How We Did It

(This is an updated version of a previous post.) 

Some friends once asked us for a blueprint of how we set up our nomadic life, and how we sustained it. The first point we made was that we weren’t the first to do this nor would we be the last, and how we did it was definitely not the only way. We met other nomadic couples during our travels, and every one of them was doing long-term travel differently from us and funding it differently as well. Our inspiration came from Michael and Debbie Campbell, the original Senior Nomads, but everyone who has committed to a big travel adventure is doing what works for their energy level, bucket list, and budget.

Our full-time travel lifestyle started from a casual comment Brett made one day when we were trying to prioritize a list of travel destinations. We were still living on Kaua’i at the time, enjoying our life there (well, except for the humidity), but YaYu, our youngest, would heading off to college in a few months and Brett and I were eager to hit the road on our own and go somewhere we hadn’t been before. As we were discussing different locations, Brett said, “I wish we could see them all.” We both stopped immediately, looked at each other, and at the same time asked, “Could we do that?” We spent the next few weeks talking about the possibility of traveling full time and crunching numbers, and eventually figured out that by saving every extra penny we could, getting rid of almost everything we owned, and giving up our life in Hawai’i we could make a big travel dream happen.

Many people have assumed that because we traveled full time we must have a large retirement income but that wasn’t and isn’t true. We’re definitely not made of money (our income would probably surprise most people), but we’ve found it was possible to travel full time on our income as well as cover our expenses with careful planning, no debt other than my student loan, and an ability to stick to a budget. Our situation was somewhat unique in that we didn’t own a home when we began traveling and our daughters earned enough from work to supplement the scholarships and financial aid they were awarded and paid their own college expenses. Although the Senior Nomads were homeowners when they set out, they still initially sold all their stuff and rented their house while they traveled, and we could have done the same if we had still been homeowners. Because our income came/comes primarily from government pensions – Social Security and Brett’s military retirement (and a small pension from Brett’s last employment) – it was/is consistent from month to month which makes budgeting easier. All we had to do was figure out how to live off of that income while we traveled beyond covering travel expenses, a couple of fixed payments, and getting our college-aged children to and from places. We had/have no other extra income, no big investments to manage, no secret slush fund, and we didn’t take money from anything but our travel savings. Instead of paying for rent, utilities, gasoline, insurance, car repairs or home maintenance we used our income to cover airfare, Airbnb rentals and daily living expenses.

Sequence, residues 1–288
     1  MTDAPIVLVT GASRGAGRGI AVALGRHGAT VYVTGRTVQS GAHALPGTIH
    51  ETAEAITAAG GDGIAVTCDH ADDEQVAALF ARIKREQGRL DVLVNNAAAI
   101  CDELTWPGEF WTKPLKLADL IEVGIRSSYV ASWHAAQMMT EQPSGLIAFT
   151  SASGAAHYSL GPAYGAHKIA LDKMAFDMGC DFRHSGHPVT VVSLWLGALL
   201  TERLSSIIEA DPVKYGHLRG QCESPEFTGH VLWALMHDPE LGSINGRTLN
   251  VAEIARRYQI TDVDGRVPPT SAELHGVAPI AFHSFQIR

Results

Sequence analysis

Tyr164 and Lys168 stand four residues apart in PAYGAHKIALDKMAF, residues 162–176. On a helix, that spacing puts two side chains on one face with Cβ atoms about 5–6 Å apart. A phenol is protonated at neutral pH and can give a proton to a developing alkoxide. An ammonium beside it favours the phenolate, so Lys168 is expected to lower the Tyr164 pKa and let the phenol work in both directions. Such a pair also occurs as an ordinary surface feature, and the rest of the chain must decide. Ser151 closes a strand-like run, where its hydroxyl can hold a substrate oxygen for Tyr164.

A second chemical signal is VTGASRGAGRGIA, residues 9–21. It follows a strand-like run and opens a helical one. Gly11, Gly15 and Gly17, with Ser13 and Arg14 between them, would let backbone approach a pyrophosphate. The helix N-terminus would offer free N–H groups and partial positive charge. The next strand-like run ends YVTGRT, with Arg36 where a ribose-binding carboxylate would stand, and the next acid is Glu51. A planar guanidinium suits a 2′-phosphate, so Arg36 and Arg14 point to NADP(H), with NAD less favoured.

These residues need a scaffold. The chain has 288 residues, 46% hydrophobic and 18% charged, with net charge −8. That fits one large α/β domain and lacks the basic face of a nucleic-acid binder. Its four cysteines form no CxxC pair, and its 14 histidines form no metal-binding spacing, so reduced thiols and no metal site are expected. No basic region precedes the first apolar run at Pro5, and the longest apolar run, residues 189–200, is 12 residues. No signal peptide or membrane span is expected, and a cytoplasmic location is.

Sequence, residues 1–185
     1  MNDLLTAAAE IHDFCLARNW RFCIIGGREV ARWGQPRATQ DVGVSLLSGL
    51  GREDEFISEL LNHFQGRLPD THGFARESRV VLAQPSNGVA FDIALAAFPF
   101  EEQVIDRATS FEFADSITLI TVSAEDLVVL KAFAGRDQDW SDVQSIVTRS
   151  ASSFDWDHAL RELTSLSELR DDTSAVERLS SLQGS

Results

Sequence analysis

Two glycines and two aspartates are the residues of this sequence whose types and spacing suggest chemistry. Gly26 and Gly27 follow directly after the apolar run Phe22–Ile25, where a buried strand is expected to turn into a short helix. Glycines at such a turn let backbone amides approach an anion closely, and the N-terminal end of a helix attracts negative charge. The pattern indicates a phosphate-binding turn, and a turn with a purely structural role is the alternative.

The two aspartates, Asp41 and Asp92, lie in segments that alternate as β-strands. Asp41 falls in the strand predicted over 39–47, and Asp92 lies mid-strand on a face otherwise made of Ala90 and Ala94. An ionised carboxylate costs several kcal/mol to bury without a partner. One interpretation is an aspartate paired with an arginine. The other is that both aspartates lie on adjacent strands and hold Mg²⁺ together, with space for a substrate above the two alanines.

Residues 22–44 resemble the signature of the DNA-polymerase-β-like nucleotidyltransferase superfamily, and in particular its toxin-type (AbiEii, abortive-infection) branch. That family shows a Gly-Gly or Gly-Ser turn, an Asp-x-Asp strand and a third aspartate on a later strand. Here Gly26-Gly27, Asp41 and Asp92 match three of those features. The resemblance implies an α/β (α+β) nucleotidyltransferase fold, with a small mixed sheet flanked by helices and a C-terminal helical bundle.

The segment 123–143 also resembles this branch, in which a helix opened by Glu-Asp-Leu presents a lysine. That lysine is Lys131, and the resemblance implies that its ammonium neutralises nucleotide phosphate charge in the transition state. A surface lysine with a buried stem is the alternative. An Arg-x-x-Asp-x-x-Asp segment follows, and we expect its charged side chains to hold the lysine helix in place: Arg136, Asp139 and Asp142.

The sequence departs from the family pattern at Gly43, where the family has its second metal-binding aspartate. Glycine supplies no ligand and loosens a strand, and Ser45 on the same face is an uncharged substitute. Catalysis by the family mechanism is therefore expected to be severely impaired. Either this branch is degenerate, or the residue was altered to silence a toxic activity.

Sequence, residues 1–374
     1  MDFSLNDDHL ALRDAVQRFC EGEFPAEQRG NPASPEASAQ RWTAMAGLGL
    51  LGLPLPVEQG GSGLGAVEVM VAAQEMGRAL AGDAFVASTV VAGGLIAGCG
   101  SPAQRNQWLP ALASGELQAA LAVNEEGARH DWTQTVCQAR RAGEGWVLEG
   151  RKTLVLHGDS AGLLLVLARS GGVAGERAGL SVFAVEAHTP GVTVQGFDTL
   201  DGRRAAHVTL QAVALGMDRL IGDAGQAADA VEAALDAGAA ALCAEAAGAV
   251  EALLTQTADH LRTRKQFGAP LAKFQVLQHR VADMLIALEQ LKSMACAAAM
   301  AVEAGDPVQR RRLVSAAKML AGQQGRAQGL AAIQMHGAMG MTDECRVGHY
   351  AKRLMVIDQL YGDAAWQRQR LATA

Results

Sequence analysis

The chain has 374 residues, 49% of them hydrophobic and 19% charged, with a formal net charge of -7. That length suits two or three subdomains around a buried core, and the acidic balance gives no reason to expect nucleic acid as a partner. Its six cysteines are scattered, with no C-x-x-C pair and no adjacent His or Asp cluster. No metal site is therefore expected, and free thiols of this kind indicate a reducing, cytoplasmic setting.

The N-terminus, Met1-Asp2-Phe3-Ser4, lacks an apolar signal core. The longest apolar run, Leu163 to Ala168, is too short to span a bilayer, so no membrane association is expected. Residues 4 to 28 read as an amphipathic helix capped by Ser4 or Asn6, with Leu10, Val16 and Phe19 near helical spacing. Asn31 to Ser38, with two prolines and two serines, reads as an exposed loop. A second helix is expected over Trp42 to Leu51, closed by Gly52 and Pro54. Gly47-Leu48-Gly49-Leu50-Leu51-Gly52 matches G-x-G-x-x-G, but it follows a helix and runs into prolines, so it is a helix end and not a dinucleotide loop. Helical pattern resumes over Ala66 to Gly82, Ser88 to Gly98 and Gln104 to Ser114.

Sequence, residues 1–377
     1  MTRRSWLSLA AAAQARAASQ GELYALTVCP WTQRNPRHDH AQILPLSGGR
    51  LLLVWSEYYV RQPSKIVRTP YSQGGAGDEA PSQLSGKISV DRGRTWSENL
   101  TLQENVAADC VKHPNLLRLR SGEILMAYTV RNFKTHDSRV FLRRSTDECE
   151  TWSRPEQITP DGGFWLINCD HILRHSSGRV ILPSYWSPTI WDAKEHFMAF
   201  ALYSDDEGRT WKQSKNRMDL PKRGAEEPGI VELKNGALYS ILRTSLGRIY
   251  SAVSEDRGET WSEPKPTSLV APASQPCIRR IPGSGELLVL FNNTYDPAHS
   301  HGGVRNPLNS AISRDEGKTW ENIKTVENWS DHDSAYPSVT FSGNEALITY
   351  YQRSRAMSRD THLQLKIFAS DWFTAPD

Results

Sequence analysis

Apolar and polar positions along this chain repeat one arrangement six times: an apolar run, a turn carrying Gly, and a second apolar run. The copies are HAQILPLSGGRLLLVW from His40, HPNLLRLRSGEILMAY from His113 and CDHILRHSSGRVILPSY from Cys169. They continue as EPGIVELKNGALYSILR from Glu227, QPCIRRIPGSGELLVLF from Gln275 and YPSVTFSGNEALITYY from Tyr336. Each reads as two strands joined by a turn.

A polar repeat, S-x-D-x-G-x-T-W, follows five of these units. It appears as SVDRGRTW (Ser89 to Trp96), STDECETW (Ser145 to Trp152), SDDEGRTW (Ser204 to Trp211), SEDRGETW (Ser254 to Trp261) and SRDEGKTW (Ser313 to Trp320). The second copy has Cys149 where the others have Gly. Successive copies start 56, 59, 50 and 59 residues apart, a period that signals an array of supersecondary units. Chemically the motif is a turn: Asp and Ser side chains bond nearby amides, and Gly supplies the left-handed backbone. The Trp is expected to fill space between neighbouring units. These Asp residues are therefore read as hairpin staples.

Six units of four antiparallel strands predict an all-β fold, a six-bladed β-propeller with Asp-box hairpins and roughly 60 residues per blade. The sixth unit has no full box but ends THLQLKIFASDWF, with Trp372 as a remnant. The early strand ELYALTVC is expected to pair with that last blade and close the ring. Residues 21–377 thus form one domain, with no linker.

Our travel lifestyle worked from two different directions: 1) we carefully planned ahead and 2) we had a budget and stuck to it. For almost a year and a half before we set off on our Big Adventure, we saved as much as we could to cover as many up-front travel expenses as possible, like our train journey across Australia and our tour in India, and as many flights, Airbnb reservations and other expenses as we could. That got us started and we were able to sustain the rest of our lifestyle on what we received each month as we went along.